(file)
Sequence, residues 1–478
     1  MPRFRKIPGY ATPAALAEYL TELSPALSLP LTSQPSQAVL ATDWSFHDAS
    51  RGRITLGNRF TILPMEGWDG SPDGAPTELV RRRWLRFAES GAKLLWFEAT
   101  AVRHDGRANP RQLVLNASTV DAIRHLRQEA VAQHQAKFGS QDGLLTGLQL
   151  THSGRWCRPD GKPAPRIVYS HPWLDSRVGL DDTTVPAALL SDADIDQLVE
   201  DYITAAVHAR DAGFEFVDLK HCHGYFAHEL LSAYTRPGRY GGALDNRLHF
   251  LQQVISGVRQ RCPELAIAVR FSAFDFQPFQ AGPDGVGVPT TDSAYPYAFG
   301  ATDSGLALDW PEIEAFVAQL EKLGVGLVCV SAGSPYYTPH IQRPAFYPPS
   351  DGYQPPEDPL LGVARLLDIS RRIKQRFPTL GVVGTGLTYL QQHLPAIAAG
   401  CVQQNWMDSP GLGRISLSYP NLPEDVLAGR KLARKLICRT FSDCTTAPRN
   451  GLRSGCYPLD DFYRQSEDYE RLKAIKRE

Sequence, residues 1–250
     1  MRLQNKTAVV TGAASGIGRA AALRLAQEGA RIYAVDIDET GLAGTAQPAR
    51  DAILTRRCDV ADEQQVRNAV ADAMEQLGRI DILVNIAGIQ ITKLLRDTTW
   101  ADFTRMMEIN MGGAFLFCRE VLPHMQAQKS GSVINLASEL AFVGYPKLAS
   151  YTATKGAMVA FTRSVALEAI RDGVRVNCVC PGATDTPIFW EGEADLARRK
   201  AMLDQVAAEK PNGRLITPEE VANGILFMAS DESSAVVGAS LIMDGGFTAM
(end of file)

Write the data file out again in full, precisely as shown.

Sequence, residues 1–478
     1  MPRFRKIPGY ATPAALAEYL TELSPALSLP LTSQPSQAVL ATDWSFHDAS
    51  RGRITLGNRF TILPMEGWDG SPDGAPTELV RRRWLRFAES GAKLLWFEAT
   101  AVRHDGRANP RQLVLNASTV DAIRHLRQEA VAQHQAKFGS QDGLLTGLQL
   151  THSGRWCRPD GKPAPRIVYS HPWLDSRVGL DDTTVPAALL SDADIDQLVE
   201  DYITAAVHAR DAGFEFVDLK HCHGYFAHEL LSAYTRPGRY GGALDNRLHF
   251  LQQVISGVRQ RCPELAIAVR FSAFDFQPFQ AGPDGVGVPT TDSAYPYAFG
   301  ATDSGLALDW PEIEAFVAQL EKLGVGLVCV SAGSPYYTPH IQRPAFYPPS
   351  DGYQPPEDPL LGVARLLDIS RRIKQRFPTL GVVGTGLTYL QQHLPAIAAG
   401  CVQQNWMDSP GLGRISLSYP NLPEDVLAGR KLARKLICRT FSDCTTAPRN
   451  GLRSGCYPLD DFYRQSEDYE RLKAIKRE

Sequence, residues 1–250
     1  MRLQNKTAVV TGAASGIGRA AALRLAQEGA RIYAVDIDET GLAGTAQPAR
    51  DAILTRRCDV ADEQQVRNAV ADAMEQLGRI DILVNIAGIQ ITKLLRDTTW
   101  ADFTRMMEIN MGGAFLFCRE VLPHMQAQKS GSVINLASEL AFVGYPKLAS
   151  YTATKGAMVA FTRSVALEAI RDGVRVNCVC PGATDTPIFW EGEADLARRK
   201  AMLDQVAAEK PNGRLITPEE VANGILFMAS DESSAVVGAS LIMDGGFTAM